If you are looking to enjoy some intellectually stimulating plays, the Royal Court Theater is one of the most progressive theaters in the world.
Five of the Best Pubs in London
London is famous for many things; Big Ben, Fine Dining, Theatre, Night Life. The list goes on. One thing that it is perhaps best known for, and that has become a symbol of the UK capital is its beer and pubs.
There are thousands of pubs in London and finding the one worth visiting can be difficult if you don’t know the city well.
If you are planning a visit to the city and want to visit a few of the best pubs then here are five of the best.
The Punch Bowl, Mayfair
This Mayfair Pub has been around since 1750, making it the second oldest pub in the area. It is now run by film director Guy Ritchie, but don’t expect to see movie memorabilia adorning the walls. The décor is very traditional English pub.
There is a selection of wines, beers and spirits to choose from. Good food is also served. It gets very busy on weekends.
Ye Olde Cheshire Cheese, Fleet Street
This is a real landmark and has been a pub for almost 500 years, including a rebuild after the great fire in 1666 so it really is ‘Olde’. It is well known for its association to many of the great literary figures including Dickens, Twain and Conan Doyle, who all spent time there.
It’s well worth a visit, even if you’re not into literature.
The Princess Louise, High Holborn
This is another London landmark pub that is famous for its interior. It was refurbished (not redesigned) in 2008 and has received a number of industry awards for the work, that preserved the Victorian interior. Even the men’s toilets are listed!
This is a regular appearance on top London pub lists.
The Southampton Arms, Kentish Town
This is THE pub to visit if you are a fan of real beer and cider. They have real ales into double figures and almost as many ciders. There are no mass breweries or cheap lagers available. It has received awards from CAMRA and is heralded as the number one destination in London for proper beer.
It can get busy at weekends and they don’t accept cards – cash only.
Sir Richard Steele, Belsize Park, NW3
Sir Richard Steele, Belsize Park
If you are looking for the epitome of a ‘London boozer’ then this is it. Its full of interesting artefacts and miscellaneous objects. It is named after one of the founders of the Spectator, which is still going strong today.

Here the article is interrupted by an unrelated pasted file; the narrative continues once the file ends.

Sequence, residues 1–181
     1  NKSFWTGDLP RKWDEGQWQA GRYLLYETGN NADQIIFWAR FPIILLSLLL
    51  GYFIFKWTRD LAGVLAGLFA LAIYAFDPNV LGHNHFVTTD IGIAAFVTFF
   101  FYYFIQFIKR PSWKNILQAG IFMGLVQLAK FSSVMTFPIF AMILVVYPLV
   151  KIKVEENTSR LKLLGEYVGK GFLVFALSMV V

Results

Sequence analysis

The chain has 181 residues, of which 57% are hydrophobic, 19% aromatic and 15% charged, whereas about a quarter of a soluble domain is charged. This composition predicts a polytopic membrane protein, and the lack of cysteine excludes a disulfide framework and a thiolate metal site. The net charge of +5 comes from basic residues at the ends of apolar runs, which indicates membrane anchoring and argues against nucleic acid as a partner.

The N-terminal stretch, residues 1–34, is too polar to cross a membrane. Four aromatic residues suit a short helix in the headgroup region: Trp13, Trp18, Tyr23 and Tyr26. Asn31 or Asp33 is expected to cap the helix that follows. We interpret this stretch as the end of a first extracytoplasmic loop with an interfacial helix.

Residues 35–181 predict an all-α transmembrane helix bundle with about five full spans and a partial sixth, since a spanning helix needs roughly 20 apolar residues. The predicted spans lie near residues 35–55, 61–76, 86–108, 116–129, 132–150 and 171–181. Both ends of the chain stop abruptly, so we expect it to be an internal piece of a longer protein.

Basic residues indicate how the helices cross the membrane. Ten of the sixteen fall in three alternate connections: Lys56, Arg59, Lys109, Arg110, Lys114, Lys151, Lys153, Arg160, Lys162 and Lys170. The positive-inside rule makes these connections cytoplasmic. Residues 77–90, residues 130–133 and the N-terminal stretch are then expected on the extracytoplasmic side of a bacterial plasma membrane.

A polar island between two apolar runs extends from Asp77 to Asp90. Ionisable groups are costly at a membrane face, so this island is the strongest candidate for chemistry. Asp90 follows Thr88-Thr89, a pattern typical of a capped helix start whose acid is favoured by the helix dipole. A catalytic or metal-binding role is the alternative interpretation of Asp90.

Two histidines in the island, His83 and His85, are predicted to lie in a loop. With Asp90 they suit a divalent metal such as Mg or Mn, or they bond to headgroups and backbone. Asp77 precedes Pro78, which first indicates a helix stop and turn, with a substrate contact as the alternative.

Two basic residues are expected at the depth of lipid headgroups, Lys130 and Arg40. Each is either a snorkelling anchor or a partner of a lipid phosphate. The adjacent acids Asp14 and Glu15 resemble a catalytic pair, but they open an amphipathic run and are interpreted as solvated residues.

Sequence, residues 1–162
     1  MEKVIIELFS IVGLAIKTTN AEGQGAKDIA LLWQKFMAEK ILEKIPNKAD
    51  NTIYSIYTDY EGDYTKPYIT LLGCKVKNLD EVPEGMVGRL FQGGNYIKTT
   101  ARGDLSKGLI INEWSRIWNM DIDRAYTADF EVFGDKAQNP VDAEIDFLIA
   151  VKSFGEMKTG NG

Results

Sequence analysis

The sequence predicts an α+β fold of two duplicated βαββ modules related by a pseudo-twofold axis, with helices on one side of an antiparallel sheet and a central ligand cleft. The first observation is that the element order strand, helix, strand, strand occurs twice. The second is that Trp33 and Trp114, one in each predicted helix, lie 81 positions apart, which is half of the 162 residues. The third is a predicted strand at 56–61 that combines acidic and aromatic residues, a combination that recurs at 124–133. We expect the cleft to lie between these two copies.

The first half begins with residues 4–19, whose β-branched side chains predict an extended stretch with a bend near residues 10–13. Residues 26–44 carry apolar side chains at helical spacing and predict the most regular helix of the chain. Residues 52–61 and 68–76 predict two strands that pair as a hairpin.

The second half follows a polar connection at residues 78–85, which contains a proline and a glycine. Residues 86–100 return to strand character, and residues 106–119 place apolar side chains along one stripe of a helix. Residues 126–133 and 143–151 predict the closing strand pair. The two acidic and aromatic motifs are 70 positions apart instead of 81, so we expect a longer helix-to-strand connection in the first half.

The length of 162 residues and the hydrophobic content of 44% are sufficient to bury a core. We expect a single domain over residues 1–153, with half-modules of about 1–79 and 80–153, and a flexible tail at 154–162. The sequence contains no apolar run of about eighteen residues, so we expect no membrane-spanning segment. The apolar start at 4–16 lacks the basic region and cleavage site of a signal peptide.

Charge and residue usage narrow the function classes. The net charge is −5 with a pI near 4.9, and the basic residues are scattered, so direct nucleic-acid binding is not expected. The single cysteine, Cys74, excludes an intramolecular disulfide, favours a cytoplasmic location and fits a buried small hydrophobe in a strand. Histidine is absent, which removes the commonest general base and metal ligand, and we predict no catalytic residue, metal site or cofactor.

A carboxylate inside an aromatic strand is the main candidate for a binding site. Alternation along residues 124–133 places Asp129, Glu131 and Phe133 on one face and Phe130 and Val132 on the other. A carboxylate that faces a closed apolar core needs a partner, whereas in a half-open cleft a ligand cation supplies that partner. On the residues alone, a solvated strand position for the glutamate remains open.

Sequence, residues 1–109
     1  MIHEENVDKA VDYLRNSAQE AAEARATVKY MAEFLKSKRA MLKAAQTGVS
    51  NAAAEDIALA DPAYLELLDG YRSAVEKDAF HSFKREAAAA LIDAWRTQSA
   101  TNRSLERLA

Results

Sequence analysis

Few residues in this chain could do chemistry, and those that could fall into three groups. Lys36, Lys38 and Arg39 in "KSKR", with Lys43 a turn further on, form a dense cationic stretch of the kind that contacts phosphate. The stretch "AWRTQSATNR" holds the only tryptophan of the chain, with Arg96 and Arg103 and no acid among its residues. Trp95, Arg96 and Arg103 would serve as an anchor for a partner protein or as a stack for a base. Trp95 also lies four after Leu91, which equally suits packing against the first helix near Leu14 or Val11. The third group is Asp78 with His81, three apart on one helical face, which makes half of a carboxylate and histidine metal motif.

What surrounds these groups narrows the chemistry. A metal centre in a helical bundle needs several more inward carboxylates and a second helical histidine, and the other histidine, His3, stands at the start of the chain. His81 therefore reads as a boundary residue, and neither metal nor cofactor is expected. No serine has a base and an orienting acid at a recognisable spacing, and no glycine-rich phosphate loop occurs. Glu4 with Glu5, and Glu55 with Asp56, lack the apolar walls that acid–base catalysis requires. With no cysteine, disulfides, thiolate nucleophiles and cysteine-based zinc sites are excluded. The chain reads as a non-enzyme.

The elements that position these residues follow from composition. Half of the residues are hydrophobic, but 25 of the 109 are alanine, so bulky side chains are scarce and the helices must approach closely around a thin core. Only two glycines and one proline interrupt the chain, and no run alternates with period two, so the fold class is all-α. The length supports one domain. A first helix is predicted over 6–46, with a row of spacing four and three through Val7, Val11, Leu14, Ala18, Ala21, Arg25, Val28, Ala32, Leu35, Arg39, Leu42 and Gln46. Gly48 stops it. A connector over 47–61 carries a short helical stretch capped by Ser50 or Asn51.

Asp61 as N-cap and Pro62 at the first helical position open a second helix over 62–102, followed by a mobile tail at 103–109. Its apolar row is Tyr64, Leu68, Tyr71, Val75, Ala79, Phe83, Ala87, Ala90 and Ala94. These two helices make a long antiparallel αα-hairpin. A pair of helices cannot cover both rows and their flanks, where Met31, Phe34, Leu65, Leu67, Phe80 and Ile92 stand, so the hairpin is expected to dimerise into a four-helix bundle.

It can get a bit crowded at weekends but this just adds to the vibrant atmosphere.
As mentioned above; there are literally thousands of pubs in London and these are just a handful of the best. Everyone likes different thing so why not let us know which London pubs you like?
Top Five Iconic London Clubs
London is a clubber’s paradise with world-renowned venues like Fabric and Ministry of Sound sitting alongside smaller clubs playing every kind of dance music imaginable. It’s by far the best place in the UK to get your groove on to dubstep, minimal techno or house – but you have to be prepared for steep entrance fees and occasionally long queues.
45 St Martins Lane, Covent Garden, London WC2N 4HX
One of London’s most popular celebrity haunts, Bungalow 8 is a small but glitzy club in the basement of a London hotel with luxurious décor and fancy cocktails aplenty. It’s technically membership-only so can be hard to get in if you’re not famous, but luckily doesn’t fill up till after midnight. Expect to find top-notch DJs playing 60s, 70s and 80s music while wealthy people sip cocktails.
200 York Way, London N7 9AP
If you’re after a great night out that doesn’t break the bank, Egg is always a good choice. This great club is home to four rooms and one heated garden playing house, techno and dubstep. It may be a bit of a trek from the nearest station, King’s Cross, but it’s worth it for some of the best sound and lighting in the city. Entrance fee: around £15
77a Charterhouse Street, Smithfield, London EC1M 3HN
In my opinion, Fabric has to take the title of London’s biggest and best club. It was voted number two in DJ Magazine’s ‘Top 100 Clubs in the World’ and has been a launch pad for many of the best new techno and dubstep DJs over the years. Friday night is ‘soundclash’ which mixes up many styles of music, while Saturday has a more minimal techno and house focus.
It’s a good idea to buy tickets in advance (or blag your way onto the guest list) as it has been known to take up to three hours to get in. Be sure to check out their vibrating dance floor in room one with bass inducers beneath! Entrance fee: £15-£20
Ministry of Sound
103 Gaunt Street, London SE16DP
Going strong for over 20 years, Ministry is London’s oldest and most iconic nightclub. It started out as a UK version of New York’s Paradise Garage playing house music from Detroit and Chicago, and continues to excel as a place to dance till dawn to one of the city’s best sound-systems. It does sometimes feel a little bit touristy, but that’s more than made up for by the fact that some of the world’s best DJs play there. Entrance fee: around £20 Heaven
Under The Arches, Villiers Street, London WC2N 6NG
One of London’s greatest gay clubbing experiences can be had at Heaven, a long-running clubbing institution under Charing Cross railway station. Going strong since 1979, the club attracts a mixed clientele, especially gay guys, but really takes off on Monday for Popcorn –one of the city’s best student nights.
Expect cheap drinks aplenty and people dancing like maniacs to pop music and house. The club also regularly doubles as a live music venue. Free entry before 1am
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— VR Experts (@VRPExperts) June 16, 2018
Post by Angella Grey, the marketing manager at The Vacation Rentals Experts – an online and offline digital marketing agency that creates marketing solutions for vacation rentals, holiday homes and brands.